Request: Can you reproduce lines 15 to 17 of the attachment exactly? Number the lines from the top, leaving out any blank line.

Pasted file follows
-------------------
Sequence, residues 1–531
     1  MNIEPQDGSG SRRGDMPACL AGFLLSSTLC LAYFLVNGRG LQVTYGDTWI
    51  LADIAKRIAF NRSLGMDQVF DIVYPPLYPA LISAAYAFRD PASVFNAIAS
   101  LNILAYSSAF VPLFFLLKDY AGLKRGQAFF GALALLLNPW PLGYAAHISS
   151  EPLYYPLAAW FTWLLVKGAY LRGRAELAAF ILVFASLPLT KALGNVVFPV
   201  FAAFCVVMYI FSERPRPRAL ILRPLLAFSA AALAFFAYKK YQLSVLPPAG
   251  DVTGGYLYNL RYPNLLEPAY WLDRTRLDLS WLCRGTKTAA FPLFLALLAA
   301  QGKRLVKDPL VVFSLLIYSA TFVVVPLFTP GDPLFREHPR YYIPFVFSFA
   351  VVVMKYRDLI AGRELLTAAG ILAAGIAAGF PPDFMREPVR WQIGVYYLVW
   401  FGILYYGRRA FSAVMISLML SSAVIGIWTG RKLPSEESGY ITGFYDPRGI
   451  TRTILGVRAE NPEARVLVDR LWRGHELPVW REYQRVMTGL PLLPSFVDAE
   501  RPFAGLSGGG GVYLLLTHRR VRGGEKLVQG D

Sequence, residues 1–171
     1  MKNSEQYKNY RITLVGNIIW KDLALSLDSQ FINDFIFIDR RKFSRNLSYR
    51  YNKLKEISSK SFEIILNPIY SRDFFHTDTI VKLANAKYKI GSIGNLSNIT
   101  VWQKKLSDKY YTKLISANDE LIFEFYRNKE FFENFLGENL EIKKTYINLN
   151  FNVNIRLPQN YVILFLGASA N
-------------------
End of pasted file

    51  YNKLKEISSK SFEIILNPIY SRDFFHTDTI VKLANAKYKI GSIGNLSNIT
   101  VWQKKLSDKY YTKLISANDE LIFEFYRNKE FFENFLGENL EIKKTYINLN
   151  FNVNIRLPQN YVILFLGASA N